A new analysis by the Dartmouth Institute has found that Medicare accountable care organizations (ACOs) are making modest yet increasing gains when treating patients with comorbidities.
A new analysis by the Dartmouth Institute has found that Medicare accountable care organizations (ACOs) are making modest yet increasing gains when treating patients with comorbidities. These patients are usually responsible for the highest spending.
Published in JAMA Internal Medicine, the study analyzed the impact of 252 Medicare ACOs from 2012 through 2013. The outcomes measured included total spending per beneficiary-quarter, spending categories, use of hospitals and emergency departments, ambulatory care sensitive admissions, and 30-day readmissions. The authors found that Medicare ACOs saved about $136 per patient annually due to a reduction in hospital care and skilled nursing facility care. Quite significantly patients who were treated for more than 3 conditions saw an annual saving of $456 per patient.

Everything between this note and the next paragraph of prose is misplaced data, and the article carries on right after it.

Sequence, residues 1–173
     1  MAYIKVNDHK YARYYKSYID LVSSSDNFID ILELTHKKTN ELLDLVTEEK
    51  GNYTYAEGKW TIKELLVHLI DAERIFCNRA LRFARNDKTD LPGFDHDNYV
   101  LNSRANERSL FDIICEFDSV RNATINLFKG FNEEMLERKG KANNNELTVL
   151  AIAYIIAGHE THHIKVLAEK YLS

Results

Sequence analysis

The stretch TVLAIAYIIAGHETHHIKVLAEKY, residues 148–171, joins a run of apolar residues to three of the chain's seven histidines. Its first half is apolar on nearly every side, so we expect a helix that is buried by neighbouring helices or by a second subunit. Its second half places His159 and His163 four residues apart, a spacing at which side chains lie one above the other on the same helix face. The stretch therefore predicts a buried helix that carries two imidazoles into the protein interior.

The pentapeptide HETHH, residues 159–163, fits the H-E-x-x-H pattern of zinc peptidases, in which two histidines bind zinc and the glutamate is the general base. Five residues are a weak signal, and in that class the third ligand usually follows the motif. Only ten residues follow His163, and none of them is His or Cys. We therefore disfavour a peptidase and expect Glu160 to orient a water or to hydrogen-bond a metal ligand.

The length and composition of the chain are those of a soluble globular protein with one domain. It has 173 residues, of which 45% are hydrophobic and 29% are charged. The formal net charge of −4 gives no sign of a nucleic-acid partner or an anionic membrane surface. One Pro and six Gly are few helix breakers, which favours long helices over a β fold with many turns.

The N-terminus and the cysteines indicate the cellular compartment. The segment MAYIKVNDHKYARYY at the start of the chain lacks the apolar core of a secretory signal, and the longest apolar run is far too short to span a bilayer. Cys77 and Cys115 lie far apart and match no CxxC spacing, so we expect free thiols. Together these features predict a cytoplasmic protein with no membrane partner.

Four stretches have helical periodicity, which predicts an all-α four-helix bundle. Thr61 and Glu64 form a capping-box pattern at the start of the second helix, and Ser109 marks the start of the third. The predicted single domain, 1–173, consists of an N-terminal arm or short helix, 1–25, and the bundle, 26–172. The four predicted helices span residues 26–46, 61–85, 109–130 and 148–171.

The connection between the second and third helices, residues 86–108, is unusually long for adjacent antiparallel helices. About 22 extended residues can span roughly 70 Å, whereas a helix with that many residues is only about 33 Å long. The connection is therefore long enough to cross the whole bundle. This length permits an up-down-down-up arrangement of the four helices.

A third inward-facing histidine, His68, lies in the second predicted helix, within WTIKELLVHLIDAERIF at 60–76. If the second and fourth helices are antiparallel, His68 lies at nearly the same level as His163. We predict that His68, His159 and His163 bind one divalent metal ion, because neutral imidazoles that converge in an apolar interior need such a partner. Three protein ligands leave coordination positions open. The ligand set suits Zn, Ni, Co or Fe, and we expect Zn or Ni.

Overall, hospitalizations and emergency department visits decreased by 1.3 and 3.0 events per 1000 beneficiaries every quarter among the Medicare patients. Amongst those who were clinically more vulnerable, they reduced by 2.9 and 4.1 events per 1000 beneficiaries, per quarter, respectively.
Based on their findings, the authors conclude that savings were realized through reductions in use of institutional settings in clinically vulnerable patients.
According to lead author Carrie Colla, PhD, “With Medicare ACOs, the majority of the savings is concentrated on patients with complex medical needs, indicating that coordinated care is likely a factor in being able to more efficiently treat chronic illness.”